Penn College begins its graduation marathon

Penn College Graduate Logan A. Reidy, left, receives his Bachelor of Science degree from President Davie Jane Gilmour, right, at the Spring 2021 Pennsylvania College of Technology Commencement at the Community Arts Center in Williamsport on Friday. KAREN VIBERT-KENNEDY/Sun-Gazette

Attendance may have been smaller, but the exuberance was not diminished as family and friends shouted out for the first of twelve groups of Pennsylvania College of Technology students that crossed the stage at the Community Arts Center to receive their diplomas from Dr. Davie Jane

Gilmour, president of the college.

Over the course of three days the college is expected to graduate 794 students from both the Fall 2020 and Spring 2021 classes.

Several nods are being made to the fact that the event took place during a pandemic, with not only fewer guests in attendance with all required to wear masks and seating being staggered to accommodate social distancing.

“Your final year with us has been like no other. The ongoing COVID pandemic has demanded much of you with restricted protocols and changing many facets of the full collegiate experience,” Gilmour told the graduates.

“Your largely faithful compliance with our protocols is precisely why we were able to finish the 2020-21 academic year. We finished it with no interruptions with face-to-face instruction and hands-on learning, a mode of education which defines this institution and sets us apart from many colleges and universities across this country,” she added.

During the commencement ceremonies, students were given the option of shaking Gilmour’s hand when receiving their diploma — which all students seemed to prefer–or opting for a fist or elbow bump instead. Between each student, Gilmour sanitized her hands, a practice which will continue for each graduation this weekend.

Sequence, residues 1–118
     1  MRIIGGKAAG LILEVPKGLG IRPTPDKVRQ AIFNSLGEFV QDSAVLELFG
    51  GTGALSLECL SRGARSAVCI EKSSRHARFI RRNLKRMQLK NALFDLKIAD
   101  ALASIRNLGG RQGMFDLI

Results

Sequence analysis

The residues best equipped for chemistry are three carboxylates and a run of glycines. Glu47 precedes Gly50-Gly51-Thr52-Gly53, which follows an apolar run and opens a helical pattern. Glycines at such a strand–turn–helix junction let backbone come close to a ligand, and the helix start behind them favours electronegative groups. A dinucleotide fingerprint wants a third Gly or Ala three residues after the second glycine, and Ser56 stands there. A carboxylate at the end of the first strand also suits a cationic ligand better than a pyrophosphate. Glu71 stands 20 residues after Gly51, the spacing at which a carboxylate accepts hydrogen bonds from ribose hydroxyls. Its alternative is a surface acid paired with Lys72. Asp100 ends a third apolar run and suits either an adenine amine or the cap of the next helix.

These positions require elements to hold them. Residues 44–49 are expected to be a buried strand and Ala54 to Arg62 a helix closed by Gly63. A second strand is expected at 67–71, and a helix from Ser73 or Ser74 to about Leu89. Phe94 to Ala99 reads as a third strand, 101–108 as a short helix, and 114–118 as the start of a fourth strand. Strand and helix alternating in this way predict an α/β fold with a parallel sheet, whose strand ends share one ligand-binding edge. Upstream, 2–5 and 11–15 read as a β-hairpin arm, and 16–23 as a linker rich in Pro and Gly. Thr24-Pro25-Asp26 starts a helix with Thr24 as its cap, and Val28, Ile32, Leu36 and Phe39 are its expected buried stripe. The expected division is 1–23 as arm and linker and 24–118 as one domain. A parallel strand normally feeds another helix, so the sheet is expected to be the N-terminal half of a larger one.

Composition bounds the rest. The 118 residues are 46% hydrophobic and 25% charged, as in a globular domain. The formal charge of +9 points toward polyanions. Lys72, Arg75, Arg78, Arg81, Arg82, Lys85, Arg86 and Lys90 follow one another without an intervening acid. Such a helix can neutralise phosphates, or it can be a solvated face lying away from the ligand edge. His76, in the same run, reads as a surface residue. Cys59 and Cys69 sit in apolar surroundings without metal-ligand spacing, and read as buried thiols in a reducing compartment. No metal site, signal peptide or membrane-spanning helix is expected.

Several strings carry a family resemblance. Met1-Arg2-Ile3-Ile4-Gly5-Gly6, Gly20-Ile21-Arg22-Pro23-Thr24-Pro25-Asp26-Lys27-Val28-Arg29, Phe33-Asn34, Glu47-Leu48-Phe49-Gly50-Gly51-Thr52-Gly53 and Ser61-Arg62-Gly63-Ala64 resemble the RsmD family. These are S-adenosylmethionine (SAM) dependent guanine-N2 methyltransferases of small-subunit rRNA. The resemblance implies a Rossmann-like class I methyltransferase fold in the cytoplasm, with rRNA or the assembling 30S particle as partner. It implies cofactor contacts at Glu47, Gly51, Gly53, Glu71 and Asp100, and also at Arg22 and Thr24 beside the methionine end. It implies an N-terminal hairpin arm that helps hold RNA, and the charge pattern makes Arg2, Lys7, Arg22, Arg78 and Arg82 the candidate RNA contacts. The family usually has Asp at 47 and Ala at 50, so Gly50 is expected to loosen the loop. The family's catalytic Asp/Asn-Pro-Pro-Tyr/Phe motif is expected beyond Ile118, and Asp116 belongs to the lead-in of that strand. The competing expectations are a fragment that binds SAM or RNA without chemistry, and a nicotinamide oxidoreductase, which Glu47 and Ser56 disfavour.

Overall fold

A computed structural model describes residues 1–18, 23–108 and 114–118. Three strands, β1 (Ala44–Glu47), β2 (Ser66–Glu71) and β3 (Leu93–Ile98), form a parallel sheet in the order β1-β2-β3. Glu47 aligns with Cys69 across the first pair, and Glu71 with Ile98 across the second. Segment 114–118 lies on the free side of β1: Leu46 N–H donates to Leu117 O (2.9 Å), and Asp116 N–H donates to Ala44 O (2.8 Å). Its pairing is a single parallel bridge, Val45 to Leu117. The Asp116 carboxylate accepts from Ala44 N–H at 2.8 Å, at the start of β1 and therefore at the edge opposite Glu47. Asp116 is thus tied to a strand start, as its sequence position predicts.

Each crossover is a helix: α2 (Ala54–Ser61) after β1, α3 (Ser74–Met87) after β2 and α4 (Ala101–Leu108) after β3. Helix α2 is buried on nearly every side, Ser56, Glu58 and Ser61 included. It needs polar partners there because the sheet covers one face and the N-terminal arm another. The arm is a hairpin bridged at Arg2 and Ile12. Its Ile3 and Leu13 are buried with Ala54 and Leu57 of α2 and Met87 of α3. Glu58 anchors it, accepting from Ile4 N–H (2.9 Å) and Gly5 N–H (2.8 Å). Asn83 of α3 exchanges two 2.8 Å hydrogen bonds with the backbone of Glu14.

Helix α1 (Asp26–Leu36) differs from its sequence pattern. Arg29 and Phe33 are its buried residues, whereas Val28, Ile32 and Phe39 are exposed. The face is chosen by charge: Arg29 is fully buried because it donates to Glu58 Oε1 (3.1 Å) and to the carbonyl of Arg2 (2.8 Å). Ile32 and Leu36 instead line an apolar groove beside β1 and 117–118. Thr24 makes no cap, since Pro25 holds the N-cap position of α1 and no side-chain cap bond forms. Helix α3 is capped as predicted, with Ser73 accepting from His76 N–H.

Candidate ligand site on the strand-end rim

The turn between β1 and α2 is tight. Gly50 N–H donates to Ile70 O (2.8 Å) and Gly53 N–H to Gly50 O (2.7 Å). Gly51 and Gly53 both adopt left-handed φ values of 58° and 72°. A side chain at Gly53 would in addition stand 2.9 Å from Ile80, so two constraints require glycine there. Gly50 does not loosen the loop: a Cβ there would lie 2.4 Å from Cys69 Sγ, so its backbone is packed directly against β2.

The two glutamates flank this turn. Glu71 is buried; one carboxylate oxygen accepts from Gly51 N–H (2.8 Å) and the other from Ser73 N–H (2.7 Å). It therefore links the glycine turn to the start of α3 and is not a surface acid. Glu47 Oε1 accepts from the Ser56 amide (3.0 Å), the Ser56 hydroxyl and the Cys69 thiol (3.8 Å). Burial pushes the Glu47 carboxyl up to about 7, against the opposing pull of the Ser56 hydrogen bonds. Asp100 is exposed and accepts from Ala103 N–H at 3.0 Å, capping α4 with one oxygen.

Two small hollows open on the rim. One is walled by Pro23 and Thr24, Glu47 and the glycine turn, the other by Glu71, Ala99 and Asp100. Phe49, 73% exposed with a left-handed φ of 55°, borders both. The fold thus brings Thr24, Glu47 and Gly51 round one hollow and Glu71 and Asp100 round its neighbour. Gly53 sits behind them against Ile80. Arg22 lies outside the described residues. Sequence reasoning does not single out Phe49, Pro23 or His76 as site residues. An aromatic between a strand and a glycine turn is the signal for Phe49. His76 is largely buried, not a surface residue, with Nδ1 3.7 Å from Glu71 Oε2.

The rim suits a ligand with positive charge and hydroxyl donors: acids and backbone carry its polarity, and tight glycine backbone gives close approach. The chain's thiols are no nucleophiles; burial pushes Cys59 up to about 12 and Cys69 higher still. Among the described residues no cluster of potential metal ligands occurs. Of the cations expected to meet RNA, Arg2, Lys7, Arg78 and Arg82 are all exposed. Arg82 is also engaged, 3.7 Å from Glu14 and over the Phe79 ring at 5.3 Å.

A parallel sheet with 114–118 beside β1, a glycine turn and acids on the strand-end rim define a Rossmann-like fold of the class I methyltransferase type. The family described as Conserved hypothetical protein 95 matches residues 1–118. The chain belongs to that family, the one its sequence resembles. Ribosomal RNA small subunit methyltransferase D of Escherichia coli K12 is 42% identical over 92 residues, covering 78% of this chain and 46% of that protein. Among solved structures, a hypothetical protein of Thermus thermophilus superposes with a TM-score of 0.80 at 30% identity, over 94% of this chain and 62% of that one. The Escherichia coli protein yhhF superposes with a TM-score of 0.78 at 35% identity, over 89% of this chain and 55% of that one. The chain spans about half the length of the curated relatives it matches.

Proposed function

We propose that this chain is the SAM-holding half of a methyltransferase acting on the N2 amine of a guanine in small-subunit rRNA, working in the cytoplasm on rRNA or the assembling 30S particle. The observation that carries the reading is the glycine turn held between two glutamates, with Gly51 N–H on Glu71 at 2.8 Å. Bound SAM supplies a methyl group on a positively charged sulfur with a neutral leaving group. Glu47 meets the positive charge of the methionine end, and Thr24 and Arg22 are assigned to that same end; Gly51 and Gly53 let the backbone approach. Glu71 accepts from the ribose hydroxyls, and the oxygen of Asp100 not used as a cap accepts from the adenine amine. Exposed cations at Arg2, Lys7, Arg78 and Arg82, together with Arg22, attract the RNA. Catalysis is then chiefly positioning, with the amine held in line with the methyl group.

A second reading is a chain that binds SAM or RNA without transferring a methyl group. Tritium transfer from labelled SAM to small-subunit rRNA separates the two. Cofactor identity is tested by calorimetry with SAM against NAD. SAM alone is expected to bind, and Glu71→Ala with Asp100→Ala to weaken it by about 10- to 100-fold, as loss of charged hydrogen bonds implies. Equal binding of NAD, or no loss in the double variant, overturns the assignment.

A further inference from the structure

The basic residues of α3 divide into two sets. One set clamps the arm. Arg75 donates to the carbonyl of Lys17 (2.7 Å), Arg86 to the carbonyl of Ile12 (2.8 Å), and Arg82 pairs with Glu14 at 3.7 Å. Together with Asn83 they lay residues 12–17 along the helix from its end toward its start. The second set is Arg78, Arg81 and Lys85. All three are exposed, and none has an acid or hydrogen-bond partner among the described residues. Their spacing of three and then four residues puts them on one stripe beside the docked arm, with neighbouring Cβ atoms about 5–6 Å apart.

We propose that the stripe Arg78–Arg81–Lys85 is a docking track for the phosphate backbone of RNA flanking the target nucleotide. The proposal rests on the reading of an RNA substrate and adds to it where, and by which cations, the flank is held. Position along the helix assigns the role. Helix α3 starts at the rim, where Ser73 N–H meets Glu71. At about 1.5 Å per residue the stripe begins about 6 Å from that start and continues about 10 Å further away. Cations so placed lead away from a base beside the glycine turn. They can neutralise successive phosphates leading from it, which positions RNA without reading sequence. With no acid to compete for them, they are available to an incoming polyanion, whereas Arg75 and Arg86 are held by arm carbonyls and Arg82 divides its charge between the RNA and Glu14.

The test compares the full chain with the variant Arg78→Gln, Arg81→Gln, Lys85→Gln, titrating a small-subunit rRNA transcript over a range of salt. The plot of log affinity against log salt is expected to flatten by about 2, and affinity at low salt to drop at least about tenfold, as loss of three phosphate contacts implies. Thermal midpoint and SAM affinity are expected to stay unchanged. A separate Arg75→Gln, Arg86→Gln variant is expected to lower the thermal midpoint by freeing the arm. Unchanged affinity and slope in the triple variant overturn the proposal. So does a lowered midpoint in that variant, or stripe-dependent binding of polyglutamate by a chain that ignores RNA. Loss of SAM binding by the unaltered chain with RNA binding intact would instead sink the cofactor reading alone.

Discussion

“Navigating this year has tested your mettle again and again and you never wavered. Your perseverance in the face of previously unimaginable adversity has brought us to this defining moment,” Gilmour said.

“With the protocols that we have in place to ensure everyone’s safety, we hope this ceremony today will provide milestone memories that each of you and every member of your families can cherish forever. We were determined to offer a commencement format that reflects our unique mission and values and the opportunity to honor you in person means more to me than you will ever know,” she added.

Student speaker for the Friday 11 a.m. ceremony was Joseph Matthew Morrin, graphic design, for today’s 5 p.m. ceremony, Ethan M. McKenzie, information technology: software and information management will speak live and tomorrow’s 3 p.m. ceremony will feature Olivia Ferki, plastics and polymer engineering technology will speak. Their taped remarks will be shown at the other nine ceremonies.

Morrin shared a synopsis of his four years at Penn College, often eliciting laughter from the crowd as he interspersed the serious moments with humor.

Acknowledging that he looked back on his years at the college with pride and accomplishment, Morrin said that there were a few moments that stood out in what he described as a “roller coaster ride.”

“I pulled one too many all-nighters, went to midnight breakfast and slept through a final,” he said, thanking his professor for not failing him.

He noted that during the shutdown and the move to remote classes last spring because of the pandemic, he was able to catch up on much needed sleep.

“Quarantine was absolutely one of the best things to ever happen to me. Before then I was so ready to throw in the towel and quit. I was stressed, overwhelmed, emotionally exhausted and just burned out,” he said.

He ended his remarks by telling the other graduates, “Each one of you here represents the best of Penn College and I’m honored to share that distinction with you.”

In her closing remarks, Gilmour said, “It is my honor to be the last person to get to share some thoughts with you before you go out into the world.”

She said that she had found a quote, which was attributed to several sources — “Happiness is the new rich. Kindness is the new cool. Health is the new wealth and inner peace is the new success,”

“I’d like to add one of my own. The college certificate or degree that you’ve earned is the key to your future,” she said.

“Through your hard work and the commitment of the faculty and staff at Penn College, you have the opportunity to start a new chapter which opens a new life for you,” she added.


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